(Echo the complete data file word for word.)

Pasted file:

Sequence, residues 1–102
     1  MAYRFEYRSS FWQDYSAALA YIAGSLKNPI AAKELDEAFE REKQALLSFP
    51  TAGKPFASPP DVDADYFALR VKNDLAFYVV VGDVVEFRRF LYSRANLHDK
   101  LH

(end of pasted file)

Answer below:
Sequence, residues 1–102
     1  MAYRFEYRSS FWQDYSAALA YIAGSLKNPI AAKELDEAFE REKQALLSFP
    51  TAGKPFASPP DVDADYFALR VKNDLAFYVV VGDVVEFRRF LYSRANLHDK
   101  LH